Yesterday we announced our $4m series seed funding round to level-up the user-centric security movement and secure SaaS at scale. In this post, we explain what Push is all about.
A little over 12-months ago, wethat we’d soft-launched Push and opened the doors to our platform as part of an early access preview. During the preview, we worked closely with security professionals around the world from organizations of all shapes and sizes. We listened to feedback, to ideas, and we learned how we could hone the product to solve the most meaningful problems in a way that was accessible not just to large enterprises, but to smaller companies too.
In case you missed it, yesterday we announced Push Security’s, fueled by a $4m seed funding led by and backed by industry legends Jon Oberheide ( ), Ollie Whitehouse ( ), Haroon Meer ( ), John Viega ( ), , and .
A big thank you to everyone who took part in the preview, to everyone who’s backing us, and to the amazing team at Push for making all of this happen.
Now that we’re loaded up with funding, even more brain-power and a shiny new product release - we’re excited to share what we’ve been building at Push. What’s Push all about anyway?
Push provides a super scalable way to secure SaaS, by equipping employees to join the fight against attackers and improve their own security. We provide them with just-in-time guidance to nudge and help them make good security decisions as they adopt and use SaaS.
For example, we might encourage them to take actions like enabling MFA, setting strong passwords that haven’t been previously exposed, and removing third-party integrations that have privileged access to their personal data but are no longer being used.
A user-centric approach to security is a ridiculously scalable way to secure SaaS.
This is all part of a wider and quickly emerging industry trend that’s all the rage right now: using a user-centric approach to security. And the big driving force behind this trend is decentralization.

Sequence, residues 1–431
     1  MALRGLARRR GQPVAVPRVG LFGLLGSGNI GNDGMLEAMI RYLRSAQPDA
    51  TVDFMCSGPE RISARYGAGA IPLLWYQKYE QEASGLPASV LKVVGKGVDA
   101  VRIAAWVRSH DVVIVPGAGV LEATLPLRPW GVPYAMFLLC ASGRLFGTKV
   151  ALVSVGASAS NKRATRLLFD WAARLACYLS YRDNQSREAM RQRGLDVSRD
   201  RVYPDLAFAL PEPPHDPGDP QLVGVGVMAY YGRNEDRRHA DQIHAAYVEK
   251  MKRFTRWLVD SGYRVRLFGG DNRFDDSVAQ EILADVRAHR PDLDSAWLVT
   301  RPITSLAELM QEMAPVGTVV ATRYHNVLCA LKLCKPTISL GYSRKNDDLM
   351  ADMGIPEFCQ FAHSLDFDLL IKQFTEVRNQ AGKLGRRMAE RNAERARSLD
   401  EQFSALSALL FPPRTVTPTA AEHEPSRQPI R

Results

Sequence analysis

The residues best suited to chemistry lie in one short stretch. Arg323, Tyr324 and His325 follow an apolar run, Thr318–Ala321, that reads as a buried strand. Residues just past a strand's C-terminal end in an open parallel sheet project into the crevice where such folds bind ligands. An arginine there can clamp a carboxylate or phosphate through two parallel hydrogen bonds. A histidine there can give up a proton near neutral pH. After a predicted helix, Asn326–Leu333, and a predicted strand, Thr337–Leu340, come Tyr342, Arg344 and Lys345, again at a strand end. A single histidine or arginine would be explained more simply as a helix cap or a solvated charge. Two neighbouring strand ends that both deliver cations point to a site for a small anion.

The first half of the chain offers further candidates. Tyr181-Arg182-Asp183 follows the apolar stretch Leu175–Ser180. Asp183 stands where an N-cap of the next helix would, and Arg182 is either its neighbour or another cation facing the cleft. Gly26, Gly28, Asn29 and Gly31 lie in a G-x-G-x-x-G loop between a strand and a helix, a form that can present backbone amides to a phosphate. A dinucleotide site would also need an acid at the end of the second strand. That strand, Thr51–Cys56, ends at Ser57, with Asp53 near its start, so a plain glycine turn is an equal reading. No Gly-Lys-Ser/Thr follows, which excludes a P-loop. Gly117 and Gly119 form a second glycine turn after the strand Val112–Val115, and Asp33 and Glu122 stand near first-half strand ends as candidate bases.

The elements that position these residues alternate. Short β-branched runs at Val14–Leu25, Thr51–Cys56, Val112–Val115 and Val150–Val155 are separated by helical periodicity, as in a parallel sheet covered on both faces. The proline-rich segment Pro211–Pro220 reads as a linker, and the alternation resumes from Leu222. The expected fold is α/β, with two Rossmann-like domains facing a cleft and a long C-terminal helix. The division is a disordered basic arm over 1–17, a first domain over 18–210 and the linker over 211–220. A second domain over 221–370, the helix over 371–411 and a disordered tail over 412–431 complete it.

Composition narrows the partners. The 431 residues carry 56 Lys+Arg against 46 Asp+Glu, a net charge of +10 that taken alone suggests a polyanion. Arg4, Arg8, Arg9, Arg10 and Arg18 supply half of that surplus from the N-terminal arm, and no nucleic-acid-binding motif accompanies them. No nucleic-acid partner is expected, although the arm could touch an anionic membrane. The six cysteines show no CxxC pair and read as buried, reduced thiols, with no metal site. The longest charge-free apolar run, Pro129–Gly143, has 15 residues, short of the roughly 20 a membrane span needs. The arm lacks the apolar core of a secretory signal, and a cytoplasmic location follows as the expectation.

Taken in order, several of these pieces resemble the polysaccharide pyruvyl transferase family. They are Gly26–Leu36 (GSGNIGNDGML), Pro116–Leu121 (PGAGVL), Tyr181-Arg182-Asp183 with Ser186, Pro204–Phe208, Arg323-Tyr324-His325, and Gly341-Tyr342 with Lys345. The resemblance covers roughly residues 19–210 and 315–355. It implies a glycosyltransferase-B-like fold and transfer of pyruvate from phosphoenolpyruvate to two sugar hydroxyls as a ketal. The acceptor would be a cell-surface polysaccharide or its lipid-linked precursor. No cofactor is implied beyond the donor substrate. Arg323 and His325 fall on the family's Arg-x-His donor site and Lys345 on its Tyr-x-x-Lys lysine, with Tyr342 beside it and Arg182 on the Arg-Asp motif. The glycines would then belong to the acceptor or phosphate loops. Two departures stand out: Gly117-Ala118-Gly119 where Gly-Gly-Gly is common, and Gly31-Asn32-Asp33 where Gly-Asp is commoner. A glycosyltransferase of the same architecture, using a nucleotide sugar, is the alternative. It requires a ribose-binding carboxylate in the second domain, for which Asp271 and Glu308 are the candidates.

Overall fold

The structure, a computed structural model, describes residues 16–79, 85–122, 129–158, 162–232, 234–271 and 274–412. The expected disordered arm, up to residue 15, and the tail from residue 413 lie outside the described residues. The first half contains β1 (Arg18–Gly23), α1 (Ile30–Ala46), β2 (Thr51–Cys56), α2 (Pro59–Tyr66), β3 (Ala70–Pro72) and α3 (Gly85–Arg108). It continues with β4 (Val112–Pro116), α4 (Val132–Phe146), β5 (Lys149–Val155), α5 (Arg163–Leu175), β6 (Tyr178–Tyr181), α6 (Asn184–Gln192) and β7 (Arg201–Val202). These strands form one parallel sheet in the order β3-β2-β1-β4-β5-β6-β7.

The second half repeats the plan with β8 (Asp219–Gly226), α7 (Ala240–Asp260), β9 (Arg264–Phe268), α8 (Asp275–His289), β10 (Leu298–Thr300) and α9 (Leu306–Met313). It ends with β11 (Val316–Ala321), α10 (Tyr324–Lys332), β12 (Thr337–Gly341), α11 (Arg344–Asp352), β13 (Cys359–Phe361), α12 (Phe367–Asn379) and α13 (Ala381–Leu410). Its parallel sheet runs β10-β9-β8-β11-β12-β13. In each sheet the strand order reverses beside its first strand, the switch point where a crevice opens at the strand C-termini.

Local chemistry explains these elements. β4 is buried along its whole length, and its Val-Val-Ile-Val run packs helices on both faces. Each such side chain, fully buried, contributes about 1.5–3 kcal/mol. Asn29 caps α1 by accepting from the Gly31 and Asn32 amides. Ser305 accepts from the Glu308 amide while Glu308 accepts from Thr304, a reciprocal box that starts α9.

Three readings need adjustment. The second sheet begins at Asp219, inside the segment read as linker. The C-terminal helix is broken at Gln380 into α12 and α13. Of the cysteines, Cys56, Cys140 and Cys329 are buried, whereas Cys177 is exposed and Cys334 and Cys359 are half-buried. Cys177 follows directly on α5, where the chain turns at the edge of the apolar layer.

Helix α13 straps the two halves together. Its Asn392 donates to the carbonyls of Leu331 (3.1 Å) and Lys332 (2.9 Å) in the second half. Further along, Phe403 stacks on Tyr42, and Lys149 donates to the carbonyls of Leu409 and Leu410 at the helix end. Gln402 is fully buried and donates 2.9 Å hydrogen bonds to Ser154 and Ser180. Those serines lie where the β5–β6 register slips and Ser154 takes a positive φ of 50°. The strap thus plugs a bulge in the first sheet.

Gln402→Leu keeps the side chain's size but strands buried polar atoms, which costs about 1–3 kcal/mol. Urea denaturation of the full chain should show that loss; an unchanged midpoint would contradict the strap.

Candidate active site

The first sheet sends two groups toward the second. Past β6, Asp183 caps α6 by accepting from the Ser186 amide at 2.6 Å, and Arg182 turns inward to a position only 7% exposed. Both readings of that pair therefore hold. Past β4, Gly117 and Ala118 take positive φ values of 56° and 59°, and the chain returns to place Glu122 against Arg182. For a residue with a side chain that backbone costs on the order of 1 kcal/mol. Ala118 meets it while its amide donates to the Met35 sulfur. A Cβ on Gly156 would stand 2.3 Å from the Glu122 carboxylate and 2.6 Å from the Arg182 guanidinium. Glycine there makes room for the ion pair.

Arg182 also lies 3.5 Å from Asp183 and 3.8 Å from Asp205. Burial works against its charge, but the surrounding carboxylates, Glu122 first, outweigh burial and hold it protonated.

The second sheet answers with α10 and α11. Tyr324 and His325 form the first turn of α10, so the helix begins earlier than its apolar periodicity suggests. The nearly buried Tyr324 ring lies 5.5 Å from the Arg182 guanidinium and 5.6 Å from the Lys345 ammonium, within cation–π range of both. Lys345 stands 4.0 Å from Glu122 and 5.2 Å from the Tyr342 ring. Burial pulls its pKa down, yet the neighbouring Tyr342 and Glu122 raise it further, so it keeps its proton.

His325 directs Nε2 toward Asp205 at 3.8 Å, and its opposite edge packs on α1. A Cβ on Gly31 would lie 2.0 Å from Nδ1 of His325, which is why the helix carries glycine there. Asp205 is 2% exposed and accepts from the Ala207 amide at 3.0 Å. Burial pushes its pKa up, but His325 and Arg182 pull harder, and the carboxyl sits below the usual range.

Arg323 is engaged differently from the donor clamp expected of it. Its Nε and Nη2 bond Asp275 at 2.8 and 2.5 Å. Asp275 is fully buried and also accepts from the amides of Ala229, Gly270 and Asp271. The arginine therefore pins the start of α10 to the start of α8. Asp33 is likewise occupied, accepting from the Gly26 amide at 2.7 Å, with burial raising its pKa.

Modern companies are increasingly decentralized. Rather than having a central company network housing a number of work services, employees are working from home, bringing their own device, and signing up freely to the SaaS services they need.
We’ve now reached a tipping point whereby more SaaS platforms are adopted and owned by employees than centrally by IT. In fact,that “80% of workers admit to using SaaS applications at work without getting approval from IT.”
This shift has put employees in control of work services and where company data goes. It also gives an attacker an opportunity to quickly check across all popular SaaS services for weak user accounts and compromise company data.
If the company perimeter has now become ever expanding and under the security team's radar, the next logical shift is to focus on the employee and ensure that they are taking the right steps to protect that company data.
As an industry, we’ve barely scratched the surface with what’s possible. Push is here to level up the user-centric movement and we’re excited to see how far we can take it. Read more about our approach here.
Watch this space onor , with lots of exciting developments to come.
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